Photos by Stephanie Perez.
Big plans for land surrounding Long Beach’s historic Queen Mary were finalized by a city council-appointed task force last night, including ideas for a world-class carousel, a planned 5-star hotel and amphitheater.
Community members discussed such ideas and finalized what will be a guiding document for the development last night, during a meeting held by the Queen Mary Land Development Task Force, an entity created last September to provide the Long Beach City Council with recommendations on how to revitalize 43 acres surrounding the once-seafaring vessel.
Map courtesy of the Queen Mary Task Force guiding principles document.
In addition to debating details surrounded the addition of a carousel, members discussed other elements of the guiding principal document. The document, created in consultation with Gwynne Pugh from the architectural and design firm the Gwynne Pugh Urban Studio, outlines plans for an amphitheater, multiple ways to get to the area’s attractions—namely, the Queen Mary Events Park, Sea Walk Village, several parking lots and vacant land—and the ability to access the site for free, except for parking fees.
When speaking specifically about transportation, task force member Ken McDonald highlighted the importance of not limiting entry vehicles “to one form” of transportation, suggesting that the task force facilitate travel by bus and water taxis, as they are also viable means of traveling to the area.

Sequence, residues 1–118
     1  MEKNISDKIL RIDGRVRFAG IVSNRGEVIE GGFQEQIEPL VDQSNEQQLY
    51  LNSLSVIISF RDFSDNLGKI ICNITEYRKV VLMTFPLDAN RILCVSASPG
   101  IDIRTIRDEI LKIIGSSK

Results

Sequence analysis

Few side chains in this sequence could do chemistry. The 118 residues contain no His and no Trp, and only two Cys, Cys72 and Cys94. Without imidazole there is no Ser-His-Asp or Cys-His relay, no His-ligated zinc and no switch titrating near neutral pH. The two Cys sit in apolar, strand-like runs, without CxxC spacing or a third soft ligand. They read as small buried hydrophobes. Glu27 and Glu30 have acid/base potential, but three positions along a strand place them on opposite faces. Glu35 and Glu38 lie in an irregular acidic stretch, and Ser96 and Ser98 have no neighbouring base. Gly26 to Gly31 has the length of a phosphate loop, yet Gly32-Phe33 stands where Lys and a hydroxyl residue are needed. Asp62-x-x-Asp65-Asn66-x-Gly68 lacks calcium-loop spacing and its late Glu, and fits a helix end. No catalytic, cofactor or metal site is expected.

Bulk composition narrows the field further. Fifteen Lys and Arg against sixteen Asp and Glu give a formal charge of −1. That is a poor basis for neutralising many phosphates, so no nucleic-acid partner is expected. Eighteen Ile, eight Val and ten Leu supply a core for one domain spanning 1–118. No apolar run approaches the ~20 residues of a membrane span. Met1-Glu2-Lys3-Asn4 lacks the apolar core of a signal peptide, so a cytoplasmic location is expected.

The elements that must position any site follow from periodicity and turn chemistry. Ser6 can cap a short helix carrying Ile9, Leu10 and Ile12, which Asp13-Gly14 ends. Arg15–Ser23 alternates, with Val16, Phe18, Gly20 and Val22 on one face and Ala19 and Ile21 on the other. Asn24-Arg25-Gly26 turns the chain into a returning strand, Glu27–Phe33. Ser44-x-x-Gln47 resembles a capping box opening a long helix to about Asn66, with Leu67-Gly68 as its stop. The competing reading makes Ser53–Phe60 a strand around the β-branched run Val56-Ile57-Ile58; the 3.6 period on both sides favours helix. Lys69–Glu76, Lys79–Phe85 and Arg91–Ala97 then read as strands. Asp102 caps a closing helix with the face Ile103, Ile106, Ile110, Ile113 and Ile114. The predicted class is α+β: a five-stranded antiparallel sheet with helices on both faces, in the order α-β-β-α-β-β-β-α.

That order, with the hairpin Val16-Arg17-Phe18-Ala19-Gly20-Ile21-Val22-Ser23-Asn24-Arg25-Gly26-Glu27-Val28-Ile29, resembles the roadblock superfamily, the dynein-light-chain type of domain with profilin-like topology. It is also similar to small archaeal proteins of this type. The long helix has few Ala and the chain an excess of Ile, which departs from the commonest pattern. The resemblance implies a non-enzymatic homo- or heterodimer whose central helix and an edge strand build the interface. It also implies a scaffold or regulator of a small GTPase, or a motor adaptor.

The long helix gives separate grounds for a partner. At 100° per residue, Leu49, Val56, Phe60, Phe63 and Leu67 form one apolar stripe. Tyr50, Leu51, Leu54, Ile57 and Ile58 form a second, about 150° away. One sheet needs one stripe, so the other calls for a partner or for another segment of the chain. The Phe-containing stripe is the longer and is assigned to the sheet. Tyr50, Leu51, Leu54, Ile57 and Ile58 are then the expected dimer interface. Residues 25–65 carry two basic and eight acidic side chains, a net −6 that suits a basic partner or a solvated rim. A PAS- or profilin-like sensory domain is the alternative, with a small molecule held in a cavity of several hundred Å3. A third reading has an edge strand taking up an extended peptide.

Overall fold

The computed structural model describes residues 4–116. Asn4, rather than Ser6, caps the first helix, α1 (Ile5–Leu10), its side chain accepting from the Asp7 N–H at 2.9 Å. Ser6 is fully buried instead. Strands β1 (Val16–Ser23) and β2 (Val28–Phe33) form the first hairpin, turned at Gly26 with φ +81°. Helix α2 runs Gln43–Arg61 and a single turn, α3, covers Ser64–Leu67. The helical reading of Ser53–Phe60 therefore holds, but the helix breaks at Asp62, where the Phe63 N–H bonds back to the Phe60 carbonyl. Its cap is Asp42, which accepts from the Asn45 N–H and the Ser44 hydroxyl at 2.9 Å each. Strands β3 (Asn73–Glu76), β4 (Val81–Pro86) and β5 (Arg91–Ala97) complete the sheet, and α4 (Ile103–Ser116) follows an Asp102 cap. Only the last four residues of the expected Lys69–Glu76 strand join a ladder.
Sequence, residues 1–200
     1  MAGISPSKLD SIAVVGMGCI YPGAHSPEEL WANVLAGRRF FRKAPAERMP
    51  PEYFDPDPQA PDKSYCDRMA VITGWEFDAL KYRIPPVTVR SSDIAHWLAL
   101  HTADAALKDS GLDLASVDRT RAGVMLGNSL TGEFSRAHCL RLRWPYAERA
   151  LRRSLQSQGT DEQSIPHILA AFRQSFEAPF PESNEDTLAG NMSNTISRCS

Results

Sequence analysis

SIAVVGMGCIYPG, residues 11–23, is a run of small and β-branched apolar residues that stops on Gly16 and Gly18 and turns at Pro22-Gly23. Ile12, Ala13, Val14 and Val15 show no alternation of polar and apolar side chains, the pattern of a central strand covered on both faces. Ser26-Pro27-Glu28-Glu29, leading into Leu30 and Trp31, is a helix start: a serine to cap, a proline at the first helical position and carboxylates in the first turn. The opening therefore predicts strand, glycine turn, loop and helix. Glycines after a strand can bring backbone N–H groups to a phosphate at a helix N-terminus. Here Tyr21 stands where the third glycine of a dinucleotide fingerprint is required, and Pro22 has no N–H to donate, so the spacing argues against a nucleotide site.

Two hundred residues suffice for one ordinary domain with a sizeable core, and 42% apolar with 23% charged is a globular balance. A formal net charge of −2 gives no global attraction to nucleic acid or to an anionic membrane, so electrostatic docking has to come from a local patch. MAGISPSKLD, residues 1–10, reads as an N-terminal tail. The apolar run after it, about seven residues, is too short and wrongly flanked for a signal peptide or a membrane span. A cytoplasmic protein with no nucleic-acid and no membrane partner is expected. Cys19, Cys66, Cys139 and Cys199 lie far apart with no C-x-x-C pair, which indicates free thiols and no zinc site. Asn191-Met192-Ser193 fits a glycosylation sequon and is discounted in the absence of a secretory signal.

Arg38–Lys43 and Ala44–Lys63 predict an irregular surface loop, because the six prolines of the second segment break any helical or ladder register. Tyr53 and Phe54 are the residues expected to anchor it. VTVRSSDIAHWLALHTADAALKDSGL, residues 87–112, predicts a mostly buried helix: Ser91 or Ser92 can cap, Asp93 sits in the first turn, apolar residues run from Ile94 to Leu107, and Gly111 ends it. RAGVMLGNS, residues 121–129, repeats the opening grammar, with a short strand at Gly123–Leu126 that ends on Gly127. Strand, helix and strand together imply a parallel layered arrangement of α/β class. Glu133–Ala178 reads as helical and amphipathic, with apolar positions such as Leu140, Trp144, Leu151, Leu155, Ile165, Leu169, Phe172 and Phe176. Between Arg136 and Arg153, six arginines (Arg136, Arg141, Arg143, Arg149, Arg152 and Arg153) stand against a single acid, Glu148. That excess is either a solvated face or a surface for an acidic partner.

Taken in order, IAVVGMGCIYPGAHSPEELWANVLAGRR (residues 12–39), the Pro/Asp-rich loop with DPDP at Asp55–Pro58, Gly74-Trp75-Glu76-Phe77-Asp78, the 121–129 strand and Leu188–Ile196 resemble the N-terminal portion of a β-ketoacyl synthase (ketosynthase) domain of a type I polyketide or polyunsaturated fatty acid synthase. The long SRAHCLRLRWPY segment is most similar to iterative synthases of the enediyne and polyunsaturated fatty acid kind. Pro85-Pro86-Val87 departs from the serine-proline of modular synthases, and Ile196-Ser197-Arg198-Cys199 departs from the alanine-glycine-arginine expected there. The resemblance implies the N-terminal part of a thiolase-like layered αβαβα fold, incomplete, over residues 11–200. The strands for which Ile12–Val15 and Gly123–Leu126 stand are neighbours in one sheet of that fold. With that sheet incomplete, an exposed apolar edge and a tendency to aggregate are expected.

During the meeting, the task force also decided to remove specific details on a planned 5-star hotel, including the exact number of rooms or parking garages, to allow for the developer to have more design freedom.
As for the carousel, the community had a lot to say, before it was unanimously approved.
“Carousels have an iconic position,” Task Force Vice Chair Jeff Hoffman said. “It would be a spectacular piece to have as part of the development.”
While carousels can get expensive, longtime Long Beach resident Scott Ringwelski proposed using private investors for funding and local companies to design the building’s architecture, as well as art and engineering college students to help with various components.
Another member of the public recommended the use of Cal State Long Beach (CSULB) students to design and manufacture the carousel, making for a true Long Beach project by using city resources.
Following the carousel’s approval, the task force also reviewed and finalized the guiding principles document.
Many members of the community and task force expressed concern over the ship itself, calling for an upgrade to the vessel’s original state and bringing it back to its “historical elegance.”
The guiding principle document is expected to be presented to Long Beach City Council in late September.
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